Keywords: energetic, efficiency, GRAFCET, methodology, pneumatic

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2 Effect of Varying Scaffold Architecture and Porosity of Calcium Alkali Orthophosphate Based-Scaffolds for Bone Tissue Engineering

Authors: D. Adel, F. Giacomini, R. Gildenhaar, G. Berger, C. Gomes, U. Linow, M. Hardt, B. Peleskae, J. Günster, A. Houshmand, M. Stiller, A. Rack, K. Ghaffar, A. Gamal, M. El Mofty, C. Knabe

Abstract:

The goal of this study was to develop 3D scaffolds from a silica containing calcium alkali orthophosphate utilizing two different fabrication processes, first a replica technique namely the Schwartzwalder Somers method (SSM), and second 3D printing, i.e. Rapid prototyping (RP). First, the mechanical and physical properties of the scaffolds (porosity, compressive strength, and solubility) was assessed and second their potential to facilitate homogenous colonization with osteogenic cells and extracellular bone matrix formation throughout the porous scaffold architecture. To this end murine and rat calavarie osteoblastic cells were dynamically seeded on both scaffold types under perfusion with concentrations of 3 million cells. The amount of cells and extracellular matrix as well as osteogenic marker expression was evaluated using hard tissue histology, immunohistochemistry, and histomorphometric analysis. Total porosities of both scaffolds were 86.9 % and 50% for SSM and RP respectively, Compressive strength values were 0.46 ± 0.2 MPa for SSM and 6.6± 0.8 MPa for RP. Regarding the cellular behavior, RP scaffolds displayed a higher cell and matrix percentage of 24.45%. Immunoscoring yielded strong osteocalcin expression of cells and matrix in RP scaffolds and a moderate expression in SSM scaffolds. 3D printed RP scaffolds displayed superior mechanical and biological properties compared to SSM. 3D printed scaffolds represent excellent candidates for bone tissue engineering.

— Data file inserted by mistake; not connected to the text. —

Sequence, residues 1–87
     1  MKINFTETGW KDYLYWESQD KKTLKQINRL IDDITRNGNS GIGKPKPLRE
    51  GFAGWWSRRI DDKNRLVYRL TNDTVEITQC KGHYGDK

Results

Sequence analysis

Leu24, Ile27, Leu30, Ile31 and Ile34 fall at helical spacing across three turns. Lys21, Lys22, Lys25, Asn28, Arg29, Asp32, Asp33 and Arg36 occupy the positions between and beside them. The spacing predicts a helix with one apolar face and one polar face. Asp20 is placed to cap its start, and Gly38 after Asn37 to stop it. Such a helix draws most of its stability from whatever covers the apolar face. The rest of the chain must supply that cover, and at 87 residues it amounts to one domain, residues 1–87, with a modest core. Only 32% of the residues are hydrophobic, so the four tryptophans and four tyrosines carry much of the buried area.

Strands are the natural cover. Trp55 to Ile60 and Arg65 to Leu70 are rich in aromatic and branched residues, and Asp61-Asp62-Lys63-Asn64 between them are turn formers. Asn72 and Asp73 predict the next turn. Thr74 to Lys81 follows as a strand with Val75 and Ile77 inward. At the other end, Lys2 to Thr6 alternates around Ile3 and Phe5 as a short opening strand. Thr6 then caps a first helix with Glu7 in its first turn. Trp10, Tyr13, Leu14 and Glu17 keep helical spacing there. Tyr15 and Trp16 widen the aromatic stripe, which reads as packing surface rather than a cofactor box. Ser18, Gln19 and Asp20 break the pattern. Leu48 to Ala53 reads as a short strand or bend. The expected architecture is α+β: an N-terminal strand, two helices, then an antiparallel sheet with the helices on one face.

Keywords: calcium alkali orthophosphate, extracellular matrix mineralization, osteoblast differentiation, rapid prototyping, scaffold

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1 Representation of Agamben's Concept of 'Homo Sacer': Interpretative Analysis in Turkish TV Series Based on Turkey's 1980 Military Coup

Authors: Oyku Yenen

Abstract:

The notion of biopolitics, as studied by such intellectuals as Foucault, Agamben, and Negri, is an important guide for comprehending the current understanding of politics. While Foucault evaluates biopolitics as a survival policy, Giorgio Agamben, German legist, identifies the theory with death. Agamben claims the fact we can all considered to be homo sacer who are abandoned by the law, left in the field of exception, and whose killing does not require punishment. Agamben defines the person who is tried by the public for committing a crime but is not allowed to be sacrificed and whose killing is not considered a crime, as 'homo sacer'. This study analyzes how the concept of 'homo sacer' is made visible in TV series such as Çemberimde Gül Oya (Cagan Irmak, 2005-2005), Hatırla Sevgili (Ummu Burhan, 2006-2008), Bu Kalp Seni Unutur Mu? (Aydin Bulut, 2009-1010) all of which portray the period Turkey's 1980 military coup, within the framework of Agamben's thoughts and notions about biopolitics. When the main plots of these abovementioned TV series, which constitute the universe of this study, are scrutinized closely, they lay out the understanding of politics that has existed throughout history and prevails today. Although there is a large number of TV series on the coup of 1980, these three series are the only main productions that specifically focused on the event itself. Our final analysis will reveal that the concepts of homo sacer, bare life, exception, camp have been embodied in different ways in these three series. In these three series, which all deal with similar subjects using differing perspectives, the dominant understanding of politics is clearly conveyed to the audience. In all three series, the reigning power always decides on the exceptions, those who will live, those who will die, and those who will be ignored by law. Such characters as Mehmet, Sinan, Yıldız, Deniz, Defne, all of which we come across in these series, are on trial as a criminals of thought and are subjected to various forms of torture while isolated in an area where they are virtually deprived of law. Their citizenship rights are revoked. All of them are left alone with their bare lives (zoe).

Keywords: bare life, biopolitics, homo sacer, sovereign power, state of exception